Five Lean Principles
structured and process-oriented to success

Here you will learn what is behind the Lean principles.

Lean Management Principles

The 5 Lean Principles originate from the Toyota Production System (TPS) by Taiichi Ohno. These principles were first named by James P. Womack and Daniel T. Jones, who analyzed and scientifically reworked the TPS. Since these are fundamental principles of Lean, they can be found in every manifestation of Lean: Whether construction, production or in general management.

 
 

You already know the Lean principles? Then inform yourself about Lean in the construction industry!

The Lean principles put the customer in the center. Thus, one concentrates on the added value of the customer, for example in products, services or features. There is a continuous striving for perfection - with as little waste as possible.

It is important to understand that lean management and the lean principles have their origins in the automotive industry. The focus here is on optimizing throughput times and production processes. This example is also the best way to illustrate the principles.

Below we go into more detail about the 5 Lean Principles:

The central aspect of "Lean Thinking" is the identification and fulfillment of customer added value, because how good a process is is always decided by the customer in the end. Because it is the recipients or buyers of your goods, services and information who can really judge the extent to which you deliver the right thing in the right quality, at the right time, in the right form. Therefore, you should constantly question and optimize its fulfillment.

Therefore, Taiichi Ohno deduces from the question "What is the customer willing to pay for?" that there is too much waste in the creation process that does not provide the customer with added value. Therefore, his goal was to optimize the entire process between placing the order and receiving the money.

Lean management Customer added value
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Behind this principle is the representation of all work steps that are actually carried out to provide the service. The aim is to develop a common understanding of the value stream and to make the problems hidden in it visible. The problems that currently prevent you from fully covering the customer value or lead to long lead times and large resource consumption appear below. In this way, you discover processes and work steps that do not add value and are unnecessary (e.g. approvals, checks, duplicate work or filing) and can replace them directly. In this way, you reduce waste in activities and processes and increase productivity.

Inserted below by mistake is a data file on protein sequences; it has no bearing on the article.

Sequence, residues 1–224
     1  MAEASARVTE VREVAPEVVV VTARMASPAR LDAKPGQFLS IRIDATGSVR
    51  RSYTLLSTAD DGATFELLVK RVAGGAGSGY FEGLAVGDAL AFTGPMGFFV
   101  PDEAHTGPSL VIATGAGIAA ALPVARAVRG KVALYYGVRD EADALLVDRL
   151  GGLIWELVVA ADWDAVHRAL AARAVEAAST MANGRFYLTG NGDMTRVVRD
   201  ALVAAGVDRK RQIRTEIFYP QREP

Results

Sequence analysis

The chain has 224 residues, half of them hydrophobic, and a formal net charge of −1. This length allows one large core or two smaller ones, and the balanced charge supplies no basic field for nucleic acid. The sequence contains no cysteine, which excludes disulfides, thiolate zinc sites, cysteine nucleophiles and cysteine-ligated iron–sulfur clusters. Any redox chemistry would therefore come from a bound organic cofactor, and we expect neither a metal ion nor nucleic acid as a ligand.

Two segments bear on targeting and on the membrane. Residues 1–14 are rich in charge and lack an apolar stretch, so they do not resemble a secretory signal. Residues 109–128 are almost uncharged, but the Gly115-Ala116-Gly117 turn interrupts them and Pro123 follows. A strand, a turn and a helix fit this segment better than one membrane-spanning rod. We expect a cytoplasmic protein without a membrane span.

As you do so, ask yourself the following questions:

  • With which activities do we create added value for our customers?
  • In which processes do we create our products or provide our services?
  • Which units of the organization are involved in the value stream?
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Whereas up to now work processes have been pushed through the process chain without regard to demand and available capacities, in the future they will be pulled upstream starting from the customer. In this way, the subsequent trade requests the performance of the predecessor and the flow of information runs counter to the flow of production.

The idea of the pull principle: The following trades Requests the performance of the predecessor.

 

The pull principle is a concept for material flow and process flow. Here, a process step in a value chain should only take place when it is requested by the subsequent step or a customer.

In production environments, a customer order triggers the manufacture of a product. In the context of the construction industry, a trade triggers the required preliminary work. In this way, significantly fewer resources are tied up and the process can be brought into a continuous flow.

In order to implement the pull principle effectively, the production sequence should be smoothed (Heijunka). The individual process steps must be synchronized so that the sequence of trades can take place smoothly.

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The flow principle is one of the most important principles of Lean. This means a continuous and smoothed production process that avoids the interruptions that exist in many organizations in the form of intermediate storage and buffer stocks. Here you can realize enormous improvement potentials, which have a positive effect on the complete value stream and its efficiency. If you avoid such stops, harmonize production and orient yourself to the value stream, the foundation is laid for flexible, customer-oriented and efficient production control.

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Kaizen, Japanese for continuous improvement, is the last central component of lean thinking and is a repetitive process that can be supported by the PDCA cycle.

The constant striving for perfection in this context also includes the constant questioning of the previous 4 lean principles and thus forms a continuous cycle of all principles. This results in a continuous improvement process, CIP for short.

PDCA cycle

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